Some thyroid carcinomas have an intermediate grade of atypia between well-differentiated carcinomas and anaplastic carcinoma. These poorly differentiated carcinomas account for <5% of thyroid carcinomas. One distinctive form is insular carcinoma.
Cytologic diagnostic features
mostly single cells
monomorphous round nuclei
On hystologic preparations, malignant cells of insular carcinoma are arranged in nests ('insulae') or ribbons, surrounded by stroma. Cyologic smears are highly cellular, with numerous isolated tumor cells and clusters of overlapping cells. In some cases a minor population of large pleomorphic cells may be present as well. Cytoplasm is poorly defined, sometimes vacuolated. Nuclear grooves and pseudoinclusions may be observed in some cases. Colloid is scant.
When the characteristic nuclear changes are observed, they can suggest a papillary carcinoma, but the prominence of isolated cells is more typical of insular carcinoma. Focal nuclear pleomorphism may suggest an anaplastic carcinoma, but spindle and giant cells are uncommon. Insular carcinoma can resemble medullary carcinoma, but microfollicles with colloid can be helpful to the diagnosis and immunocytochemistry can be performed: insular carcinomas are thyroglobulin positive and calcitonin negative.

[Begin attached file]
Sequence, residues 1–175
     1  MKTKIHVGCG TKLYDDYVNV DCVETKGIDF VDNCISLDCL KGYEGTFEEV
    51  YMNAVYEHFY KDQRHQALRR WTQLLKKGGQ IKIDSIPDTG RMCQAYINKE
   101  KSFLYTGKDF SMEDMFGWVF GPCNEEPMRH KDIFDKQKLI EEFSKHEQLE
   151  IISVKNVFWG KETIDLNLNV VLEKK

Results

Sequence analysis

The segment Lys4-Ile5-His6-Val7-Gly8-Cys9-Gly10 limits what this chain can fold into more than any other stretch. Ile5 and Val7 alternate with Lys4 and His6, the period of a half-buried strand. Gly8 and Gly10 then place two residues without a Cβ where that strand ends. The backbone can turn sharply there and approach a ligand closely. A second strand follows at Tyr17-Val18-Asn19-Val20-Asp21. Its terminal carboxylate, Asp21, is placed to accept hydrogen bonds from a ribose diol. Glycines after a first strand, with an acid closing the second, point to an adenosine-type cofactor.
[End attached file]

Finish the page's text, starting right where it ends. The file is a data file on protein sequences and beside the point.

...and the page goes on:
A correct diagnosis is rarely made by FNA; it can be made with certainty only after hystologic examination. Most specimens are diagnosed as follicular neoplasms or as metastatic carcinoma.
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